Mali officials announced Tuesday that presidential elections will be held on July 28 (with a possible second ballot scheduled for August 11), in the hopes of resolving an 18-month-long political crisis. Fifteen or so politicians have already declared their candidacy, including former Prime Ministers Ibrahim Boubacar Keita and Modibo Sidibé, as well as Niankoro Yeah Samaké, who hopes to become Mali’s first Mormon president.
Now that the long-awaited elections are set, however, Malian authorities are facing thorny questions about the extent of political inclusion. Of particular concern are residents of northern regions governed by the rebel National Movement for the Liberation of the Azawad (NMLA). In Mali, resentment towards the Tuareg rebels remains high – they are widely blamed for opening Mali’s vast north to Al Qaeda-linked jihadists via their own short-lived 2012 rebellion. Although the NMLA aided French troops during a military campaign launched this January, it still refuses to allow the Malian army or administration access to many northern cities and villages. The election’s timing is equally problematic: July may be the “worst possible month for an election overall,” coinciding as it does with a critical agricultural period and Ramadan.
But despite the potential complications, the international community has largely applauded the announcement of a summer vote. Especially France, whose Foreign Minister Laurent Fabius – currently on a visit to Bamako – reportedly influenced the chosen election date. French support reflects a broader political calculus at play: President François Hollande’s Mali campaign earned the floundering leader wide domestic support and international clout. Hollande is now eager to pull French troops out rapidly and turn over control to U.N. peacekeepers before getting bogged down in a multi-year conflict. A successful election is viewed as critical to stabilizing the country after French troops leave. The timing, once again, is precarious: according to a French general, “If France leaves too soon and the situation deteriorates, Paris will get the blame.” The European Union and the United States have also welcomed July elections and both plan to resume aid to Mali once a politically legitimate administration is in place.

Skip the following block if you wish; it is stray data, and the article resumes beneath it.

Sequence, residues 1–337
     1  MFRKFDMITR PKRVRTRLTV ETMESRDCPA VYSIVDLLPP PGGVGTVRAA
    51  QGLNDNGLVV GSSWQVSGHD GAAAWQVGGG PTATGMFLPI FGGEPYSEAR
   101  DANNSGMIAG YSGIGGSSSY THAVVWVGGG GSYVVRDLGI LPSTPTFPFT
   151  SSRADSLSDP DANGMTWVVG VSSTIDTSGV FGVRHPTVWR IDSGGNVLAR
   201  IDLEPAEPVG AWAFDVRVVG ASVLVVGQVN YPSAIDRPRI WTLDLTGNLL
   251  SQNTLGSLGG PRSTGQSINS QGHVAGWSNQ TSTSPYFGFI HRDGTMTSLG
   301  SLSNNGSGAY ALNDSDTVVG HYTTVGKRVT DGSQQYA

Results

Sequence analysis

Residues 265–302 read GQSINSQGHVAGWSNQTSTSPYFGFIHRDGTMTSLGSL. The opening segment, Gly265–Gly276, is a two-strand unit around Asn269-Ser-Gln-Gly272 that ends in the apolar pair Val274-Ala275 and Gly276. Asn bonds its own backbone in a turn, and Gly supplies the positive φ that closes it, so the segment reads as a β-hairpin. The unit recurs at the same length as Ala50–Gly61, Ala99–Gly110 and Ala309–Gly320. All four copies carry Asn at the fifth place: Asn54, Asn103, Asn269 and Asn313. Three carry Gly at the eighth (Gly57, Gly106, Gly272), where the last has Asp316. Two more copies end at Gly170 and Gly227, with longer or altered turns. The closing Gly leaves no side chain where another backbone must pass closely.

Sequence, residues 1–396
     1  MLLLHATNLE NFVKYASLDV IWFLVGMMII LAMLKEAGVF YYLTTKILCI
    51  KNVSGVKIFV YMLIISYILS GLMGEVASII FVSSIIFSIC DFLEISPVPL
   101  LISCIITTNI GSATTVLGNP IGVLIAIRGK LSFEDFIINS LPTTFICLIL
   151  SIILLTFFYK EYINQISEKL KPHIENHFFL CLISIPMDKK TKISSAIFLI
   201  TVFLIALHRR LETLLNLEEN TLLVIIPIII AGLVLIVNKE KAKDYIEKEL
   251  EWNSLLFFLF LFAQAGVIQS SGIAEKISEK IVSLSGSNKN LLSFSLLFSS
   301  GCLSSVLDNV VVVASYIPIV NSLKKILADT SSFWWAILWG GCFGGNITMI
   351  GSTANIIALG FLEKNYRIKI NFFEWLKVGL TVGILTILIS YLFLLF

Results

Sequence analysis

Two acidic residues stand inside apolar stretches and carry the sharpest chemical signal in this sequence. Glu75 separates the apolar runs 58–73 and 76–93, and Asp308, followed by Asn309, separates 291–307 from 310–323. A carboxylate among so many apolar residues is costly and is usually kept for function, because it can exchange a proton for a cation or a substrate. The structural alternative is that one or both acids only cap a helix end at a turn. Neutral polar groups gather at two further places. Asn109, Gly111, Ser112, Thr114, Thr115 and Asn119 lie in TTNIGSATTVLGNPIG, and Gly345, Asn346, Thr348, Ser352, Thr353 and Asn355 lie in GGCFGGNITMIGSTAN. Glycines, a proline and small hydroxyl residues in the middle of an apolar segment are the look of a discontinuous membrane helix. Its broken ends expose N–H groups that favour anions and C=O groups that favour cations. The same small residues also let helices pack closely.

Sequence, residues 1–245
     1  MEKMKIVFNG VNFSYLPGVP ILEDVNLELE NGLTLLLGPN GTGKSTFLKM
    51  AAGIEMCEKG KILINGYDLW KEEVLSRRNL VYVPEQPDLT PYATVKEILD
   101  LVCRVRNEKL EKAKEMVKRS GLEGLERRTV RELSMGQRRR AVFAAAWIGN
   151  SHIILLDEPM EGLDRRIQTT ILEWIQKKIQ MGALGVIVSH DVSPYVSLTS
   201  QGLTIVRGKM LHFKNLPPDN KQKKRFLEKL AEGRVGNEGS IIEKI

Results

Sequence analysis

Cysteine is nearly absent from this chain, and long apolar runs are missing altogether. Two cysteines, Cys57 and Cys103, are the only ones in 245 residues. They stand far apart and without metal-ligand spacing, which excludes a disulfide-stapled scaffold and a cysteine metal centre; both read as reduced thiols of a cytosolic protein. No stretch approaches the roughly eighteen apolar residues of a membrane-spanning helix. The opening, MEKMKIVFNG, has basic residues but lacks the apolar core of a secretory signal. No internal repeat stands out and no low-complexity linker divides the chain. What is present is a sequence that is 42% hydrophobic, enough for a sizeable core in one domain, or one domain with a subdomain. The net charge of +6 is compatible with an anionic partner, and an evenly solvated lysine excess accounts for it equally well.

While rapid elections may be vital to restoring political stability (and ensuring foreign aid), they are risky in northern pockets where Islamist militants, who continue to wage guerilla warfare, could intimidate voters. More alarming still is the specter of heightened ethnic tensions between Mali’s minority groups (i.e. Tuaregs and Arabs) and southern residents. It’s difficult to imagine that Mali’s national electoral commission will exclude residents of NMLA-controlled regions – after all, such North-South divisions set the stage for the 2012 uprising that led to the current conflict. However, ingrained hostilities between the two regions may not be so easily overcome. A major political group has already decried inclusion of residents governed by the NMLA (as well as France’s tacit support of the movement). For its part, the NMLA has widely denounced the upcoming elections.
While peaceful elections with high turnout – recent votes drew less than 40% participation – may be possible (and, indeed, desperately hoped for by Paris and Bamako alike), they are hard to envision. Which means that come July 28, Mali’s remaining jihadists will be more than ready to take advantage of any resulting chaos, much as they did 18 months ago.